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Category Archives: Daybook

Thee Too?

I’ve seen the MeToo flashes appearing and, to be honest, I’m astonished there aren’t more. But, that’s a telling thing. Even amidst this wave of confrontation, women are keeping quiet. Be it from privacy concerns, embarrassment, past trauma or fear of backlash, the participants are, I suspect, vastly outnumbered by the silent ones.

In a world where men have had a damn rude time for far too long, I’m expecting the trivialisation and normalisation to get in gear soon. Make no mistake, many men hide deep-seated beliefs about male superiority. It’s rather inevitable, as it’s what we’ve been presented with at every level from birth to now – unless we’ve had a wake-up call.

Now, let’s be clear. I’ve been part of the problem and made my excuses to myself over some egregious obsessive behaviour. (Yes, I’ve ‘come round’, apologised, and, quite rightly, lost friends.) This society is just starting to get over its infatuation with the creepy behaviours of rejected blokes trying to ‘prove’ their love. It can’t happen too soon. Maybe this will finally make it socially acceptable for that bloke’s real friends to slap him down and give him the telling off he so badly needs.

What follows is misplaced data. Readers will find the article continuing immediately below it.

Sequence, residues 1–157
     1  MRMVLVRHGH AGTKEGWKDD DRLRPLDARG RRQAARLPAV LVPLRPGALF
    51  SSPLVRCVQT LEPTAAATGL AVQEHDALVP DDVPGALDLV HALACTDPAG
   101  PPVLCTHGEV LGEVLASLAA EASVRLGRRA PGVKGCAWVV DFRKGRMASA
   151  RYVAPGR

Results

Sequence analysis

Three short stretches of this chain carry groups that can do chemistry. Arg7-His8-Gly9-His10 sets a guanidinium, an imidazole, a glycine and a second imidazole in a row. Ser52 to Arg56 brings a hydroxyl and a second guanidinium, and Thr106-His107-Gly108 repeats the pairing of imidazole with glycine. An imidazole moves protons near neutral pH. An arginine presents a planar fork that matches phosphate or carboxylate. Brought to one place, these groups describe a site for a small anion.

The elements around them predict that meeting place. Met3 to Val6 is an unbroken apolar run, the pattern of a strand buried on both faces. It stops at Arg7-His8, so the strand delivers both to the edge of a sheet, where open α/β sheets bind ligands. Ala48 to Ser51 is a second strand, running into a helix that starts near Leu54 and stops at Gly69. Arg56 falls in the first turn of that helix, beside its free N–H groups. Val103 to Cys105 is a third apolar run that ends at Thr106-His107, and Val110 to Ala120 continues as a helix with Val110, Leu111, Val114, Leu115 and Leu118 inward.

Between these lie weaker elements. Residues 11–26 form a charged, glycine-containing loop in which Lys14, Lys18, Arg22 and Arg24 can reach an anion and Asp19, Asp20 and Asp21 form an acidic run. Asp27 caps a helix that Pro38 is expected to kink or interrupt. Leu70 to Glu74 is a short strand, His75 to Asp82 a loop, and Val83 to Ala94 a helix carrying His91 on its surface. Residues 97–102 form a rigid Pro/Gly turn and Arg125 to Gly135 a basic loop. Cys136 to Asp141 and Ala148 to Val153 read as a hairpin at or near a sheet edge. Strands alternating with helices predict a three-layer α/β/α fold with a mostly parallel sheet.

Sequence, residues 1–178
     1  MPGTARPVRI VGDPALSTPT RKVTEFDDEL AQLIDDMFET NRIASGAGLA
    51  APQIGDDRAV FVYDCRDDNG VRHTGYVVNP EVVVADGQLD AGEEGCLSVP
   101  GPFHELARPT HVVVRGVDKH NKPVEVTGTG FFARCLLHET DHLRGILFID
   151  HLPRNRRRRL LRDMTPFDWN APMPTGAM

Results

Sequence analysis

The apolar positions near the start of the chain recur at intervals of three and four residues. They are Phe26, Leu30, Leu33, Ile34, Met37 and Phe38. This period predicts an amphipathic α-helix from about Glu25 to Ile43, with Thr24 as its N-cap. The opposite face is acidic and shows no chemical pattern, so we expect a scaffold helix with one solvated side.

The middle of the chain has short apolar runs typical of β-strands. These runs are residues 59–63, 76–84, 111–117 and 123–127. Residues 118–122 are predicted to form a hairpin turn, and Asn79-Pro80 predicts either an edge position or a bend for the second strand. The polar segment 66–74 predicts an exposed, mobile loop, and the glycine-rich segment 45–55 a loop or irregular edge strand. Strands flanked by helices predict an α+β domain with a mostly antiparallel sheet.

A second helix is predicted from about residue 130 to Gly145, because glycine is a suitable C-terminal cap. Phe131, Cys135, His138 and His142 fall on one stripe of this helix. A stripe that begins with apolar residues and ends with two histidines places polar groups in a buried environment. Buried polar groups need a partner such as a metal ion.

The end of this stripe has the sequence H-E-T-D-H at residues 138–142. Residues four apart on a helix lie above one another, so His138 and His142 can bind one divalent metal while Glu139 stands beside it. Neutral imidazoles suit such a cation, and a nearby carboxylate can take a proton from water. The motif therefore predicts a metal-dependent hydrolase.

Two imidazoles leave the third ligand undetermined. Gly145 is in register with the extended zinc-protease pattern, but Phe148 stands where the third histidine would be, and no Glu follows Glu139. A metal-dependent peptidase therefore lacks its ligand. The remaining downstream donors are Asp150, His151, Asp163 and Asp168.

Sexual harassment is a subjective thing. Without common ground for behaviour norms, what can be banter on one side can be brutal on another. Those norms can come from within families, and many would argue they should. I would posit that basic manners and etiquette should also be taught at school. Nothing fancy, just a well-rounded balance to any malign influences that may be occurring in a child’s out-of-school environment.